Kalyana-Mitta, ‘Noble or Good Friend’, is called a person who is fully established in this Dhamma Path, and who walks the Noble Eightfold Path, and who is the mentor and friend of his friend, or associate, or fellow traveler in this Path, ‘wishing for her/his welfare and concerned with her/his progress.
Ananda, one of many principal disciples of the Buddha, once asked the Buddha if half of the reason for the spiritual life was friendship with others. The Buddha turned to Ananda, rebuking him mildly with the words, “Don’t say that, Ananda. The whole of the spiritual life is THIS.” From this, it shows that the association with a Kalyana Mitta is the WHOLE of the Holy Life. As for you and I, being a ‘Kalyana-mitta’ (noble friend) to others is the one way that we could show our gratitude for what we have gained.
This is especially important as our minds are very deceptive. We are all hard-wired to never be able to get out of this never ending ‘samsara’. So for example if your mind says one thing and for instance a noble friend says another, you’ll have to do weigh very carefully what the noble friend advices you before going forth with what your own mind tells you.
Majjhima Nikaya Suttas 84 Madhurā Sutta - At Madhurā and 94 Gotamukha Sutta -To the Brahmin Gotamukha show how a Kalyana Mitta would act. These two suttas describe how a person approached an arahant who was renowned for the strength and clarity of his teachings. This person requested that he be allowed to take refuge in the arahant, but the arahant replied that refuge could not be taken in him but only in the Buddha, the Dhamma and the Sangha.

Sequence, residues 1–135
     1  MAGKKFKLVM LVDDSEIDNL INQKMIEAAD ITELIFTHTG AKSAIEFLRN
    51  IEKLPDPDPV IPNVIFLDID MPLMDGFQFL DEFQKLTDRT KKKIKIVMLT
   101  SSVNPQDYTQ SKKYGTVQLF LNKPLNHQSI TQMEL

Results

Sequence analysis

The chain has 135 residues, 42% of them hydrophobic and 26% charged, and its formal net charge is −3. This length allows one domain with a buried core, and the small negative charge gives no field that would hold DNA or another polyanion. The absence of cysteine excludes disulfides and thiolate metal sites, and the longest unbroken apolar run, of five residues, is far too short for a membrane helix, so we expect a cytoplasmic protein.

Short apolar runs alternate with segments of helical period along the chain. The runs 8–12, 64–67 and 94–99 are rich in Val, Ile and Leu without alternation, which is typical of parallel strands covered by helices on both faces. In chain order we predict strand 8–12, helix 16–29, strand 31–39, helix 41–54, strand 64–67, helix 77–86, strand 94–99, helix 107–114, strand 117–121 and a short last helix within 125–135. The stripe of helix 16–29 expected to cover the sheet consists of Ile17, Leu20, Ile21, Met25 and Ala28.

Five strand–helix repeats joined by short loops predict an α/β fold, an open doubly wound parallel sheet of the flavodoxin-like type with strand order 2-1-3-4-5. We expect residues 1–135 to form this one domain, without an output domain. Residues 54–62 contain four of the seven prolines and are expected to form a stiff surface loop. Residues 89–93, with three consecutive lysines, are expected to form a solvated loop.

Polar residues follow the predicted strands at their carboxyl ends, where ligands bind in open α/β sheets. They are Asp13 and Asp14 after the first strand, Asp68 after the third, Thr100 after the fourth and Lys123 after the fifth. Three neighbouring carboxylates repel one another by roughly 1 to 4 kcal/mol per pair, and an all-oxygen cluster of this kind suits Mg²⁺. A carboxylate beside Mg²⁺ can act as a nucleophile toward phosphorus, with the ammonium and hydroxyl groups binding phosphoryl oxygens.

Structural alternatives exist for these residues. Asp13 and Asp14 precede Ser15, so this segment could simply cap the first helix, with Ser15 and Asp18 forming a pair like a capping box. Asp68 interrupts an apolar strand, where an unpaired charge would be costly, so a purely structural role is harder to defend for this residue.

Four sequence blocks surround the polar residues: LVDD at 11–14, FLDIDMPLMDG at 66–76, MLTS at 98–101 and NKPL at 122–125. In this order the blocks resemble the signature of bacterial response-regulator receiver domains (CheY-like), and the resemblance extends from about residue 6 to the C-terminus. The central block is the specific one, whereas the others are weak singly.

The Noble One (Ariya) in this sutta(s) was an arahant. Still he made it clear that the Buddha-Dhamma must be our guide, and that the Sangha can only assist us to do this for ourselves. Such is the advice of a Kalyana Mitta. In the Buddha’s words, as recorded in the Anguttara Nikaya Sutta 5.88, it is possible that even a world renowned monk, who has a large following of lay and monastic disciples and who is very learned in the scriptures, can have wrong views.
In the Anguttara Nikaya (Sutta 4.180), the Buddha told us that when any bhikku told us that such and such were the teachings of the Buddha, we should, without scorning or welcoming his words, compare the words of the monk with the Suttas and the Vinaya (the texts containing the code of monastic discipline). If they are not in accordance with the Sutta-Vinaya, we should reject them. It is only in this way that we will be able to distinguish between a teacher who teaches the true Dhamma and another who has wrong views.